My Twenty-One Best Gothic Novels: A Book Collectors perspective

Emeritus Professor Chris Browne, Monash University.

This is a list of my twenty-one most desirable examples of Gothic Literature from a book collector's perspective. In this article, I will briefly discuss elements of the publication history of the first six of the twenty-one works that I have chosen.

I will also nominate which edition I would select as the most desirable to have in my Gothic Library. Although to most book collectors, the first edition of any book is often the most desirable, that is not necessarily the case. The choice is of course entirely personal.

The books are presented here in order of first publication, and I have not attempted to put them in any order which reflects literary merit or desirability as a collectible book. I do have copies of all the books nominated here in my personal collection, although some of the most desirable editions remain on my ‘wants’ list. One or two I expect never to find!

1764 The Castle of Otranto: Horace Walpole
1778 The Old English Baron: Clara Reeve
1786 Vathek: William Beckford
1793 Castle of Wolfenbach: Emily Parsons
1794 The Mysteries of Udolpho: Anne Radcliffe
1796 The Monk: M G Lewis
1817 Northanger Abbey: Jane Austen
1818 Frankenstein: Mary Shelley
1833 The Hunchback of Notre Dame: Victor Hugo
1847 Jane Eyre: Charlotte Bronte
1847 Wuthering Heights: Emily Bronte
1853 Bleak House: Charles Dickens
1872 Carmilla (In a Glass Darkly): Sheridan Le Fanu
1886 The Strange Case of Dr Jekyll and Mr Hyde: Robert Louis Stevenson
1891 The Picture of Dorian Gray: Oscar Wilde
1894 Trilby: George du Maurier
1897 Dracula: Bram Stoker
1902 The Hound of the Baskervilles: Sir Arthur Conan Doyle
1911 The Phantom of the Opera: Gaston Leroux
1938 Rebecca: Daphne du Maurier
1959 Psycho: Robert Bloch

1764 The Castle of Otranto: Horace Walpole

The Castle of Otranto is generally recognised as the first Gothic novel. The first edition was published anonymously in 1764, and purported to be based on a sixteenth century manuscript from Naples. It was quickly followed by a second edition, published by William Bathoe and Thomas Lowndes in London in 1765 which contained a preface by the author, acknowledging his authorship and explaining the genesis of the book. It starts ‘ The favourable manner in which this little piece has been received by the public, calls upon the author to explain the grounds on which he composed it.’ Sadly for Walpole, the critics, once the authorship had been revealed, changed their minds and dismissed the book as romantic fiction.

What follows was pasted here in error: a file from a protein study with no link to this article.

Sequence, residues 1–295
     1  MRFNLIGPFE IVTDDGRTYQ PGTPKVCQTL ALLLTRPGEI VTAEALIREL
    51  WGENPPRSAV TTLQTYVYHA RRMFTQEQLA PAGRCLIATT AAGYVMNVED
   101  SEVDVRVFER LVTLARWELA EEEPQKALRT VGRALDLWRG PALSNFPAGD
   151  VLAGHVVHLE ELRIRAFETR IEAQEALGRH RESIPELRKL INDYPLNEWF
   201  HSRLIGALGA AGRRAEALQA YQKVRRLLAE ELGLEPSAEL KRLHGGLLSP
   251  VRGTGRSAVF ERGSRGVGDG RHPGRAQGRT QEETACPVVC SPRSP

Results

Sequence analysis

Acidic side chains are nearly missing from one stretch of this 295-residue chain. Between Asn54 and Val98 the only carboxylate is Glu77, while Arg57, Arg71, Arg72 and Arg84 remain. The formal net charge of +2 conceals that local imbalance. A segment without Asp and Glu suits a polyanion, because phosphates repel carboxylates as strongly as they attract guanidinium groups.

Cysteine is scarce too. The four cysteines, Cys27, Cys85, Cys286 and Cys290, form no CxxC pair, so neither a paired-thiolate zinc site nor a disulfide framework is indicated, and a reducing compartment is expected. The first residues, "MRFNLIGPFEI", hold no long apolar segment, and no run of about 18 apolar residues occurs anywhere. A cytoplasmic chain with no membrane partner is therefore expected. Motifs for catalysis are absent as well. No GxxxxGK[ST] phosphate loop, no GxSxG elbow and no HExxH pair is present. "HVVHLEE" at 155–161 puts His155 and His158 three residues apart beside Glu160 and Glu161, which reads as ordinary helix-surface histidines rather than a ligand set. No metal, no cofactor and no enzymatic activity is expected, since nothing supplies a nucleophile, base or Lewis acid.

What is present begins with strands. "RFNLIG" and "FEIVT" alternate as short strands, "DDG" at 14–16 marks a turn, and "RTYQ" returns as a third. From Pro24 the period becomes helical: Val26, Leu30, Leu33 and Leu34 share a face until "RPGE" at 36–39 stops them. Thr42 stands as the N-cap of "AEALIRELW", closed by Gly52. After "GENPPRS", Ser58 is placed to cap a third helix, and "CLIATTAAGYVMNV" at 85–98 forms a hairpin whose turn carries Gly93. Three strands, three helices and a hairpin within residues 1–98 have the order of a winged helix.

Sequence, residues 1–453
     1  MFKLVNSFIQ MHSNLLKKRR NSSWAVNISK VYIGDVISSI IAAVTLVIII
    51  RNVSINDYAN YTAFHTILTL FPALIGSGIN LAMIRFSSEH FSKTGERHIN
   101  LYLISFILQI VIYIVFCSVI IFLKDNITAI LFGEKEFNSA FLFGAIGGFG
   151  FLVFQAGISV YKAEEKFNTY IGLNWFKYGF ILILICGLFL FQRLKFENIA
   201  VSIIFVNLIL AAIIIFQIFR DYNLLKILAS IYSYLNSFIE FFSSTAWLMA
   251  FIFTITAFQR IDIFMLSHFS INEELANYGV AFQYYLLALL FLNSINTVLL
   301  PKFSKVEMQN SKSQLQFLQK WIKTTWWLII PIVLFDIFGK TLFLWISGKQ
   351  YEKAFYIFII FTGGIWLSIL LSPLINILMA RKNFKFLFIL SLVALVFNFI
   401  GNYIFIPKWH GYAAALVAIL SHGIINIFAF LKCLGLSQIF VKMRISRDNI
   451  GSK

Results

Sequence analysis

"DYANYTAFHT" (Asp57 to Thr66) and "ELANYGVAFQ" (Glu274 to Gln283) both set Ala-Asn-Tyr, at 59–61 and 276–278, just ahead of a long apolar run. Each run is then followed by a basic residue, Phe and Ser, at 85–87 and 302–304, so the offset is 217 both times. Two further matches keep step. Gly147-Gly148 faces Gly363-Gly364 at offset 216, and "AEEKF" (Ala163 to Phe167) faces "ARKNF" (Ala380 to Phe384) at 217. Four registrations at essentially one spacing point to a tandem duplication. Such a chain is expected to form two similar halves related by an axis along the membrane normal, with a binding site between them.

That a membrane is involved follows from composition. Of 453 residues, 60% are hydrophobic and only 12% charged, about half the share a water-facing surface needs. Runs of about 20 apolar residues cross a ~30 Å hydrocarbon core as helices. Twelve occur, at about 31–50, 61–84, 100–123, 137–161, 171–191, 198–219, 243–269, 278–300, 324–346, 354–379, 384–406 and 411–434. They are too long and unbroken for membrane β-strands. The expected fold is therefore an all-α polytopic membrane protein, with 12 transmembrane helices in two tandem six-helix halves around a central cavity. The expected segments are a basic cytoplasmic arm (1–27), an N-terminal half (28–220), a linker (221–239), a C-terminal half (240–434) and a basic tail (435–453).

I particularly like the Jeffrey’s edition of 1796, which is the first edition to contain coloured illustrations. An edition with black and white illustrations was also published in that year by Jeffrey. The Jeffrey edition of 1796 with the coloured illustrations is on display in the Dark Imaginings exhibition.

1778 The Old English Baron: Clara Reeve

This story was first published in 1777 under the title The Champion of Virtue. It was republished the next year as The Old English Baron, following revisions by the author’s friend, Mrs Bridgen, who was the daughter of Samuel Richardson. A dedication thanking Mrs Bridgen, dated Sept. 1, 1780, was printed in many subsequent editions.  The book was very popular in its day and many editions were published, although Clara Reeve was not generally well regarded.

The ninth edition, printed in London by Law and Gilbert in 1811 for a group of six London booksellers is my highly desirable edition, as it is ‘Embellished with eight elegant engravings’. This edition also contains the original preface and the dedication to Mrs Bridgen.

1786 Vathek: William Beckford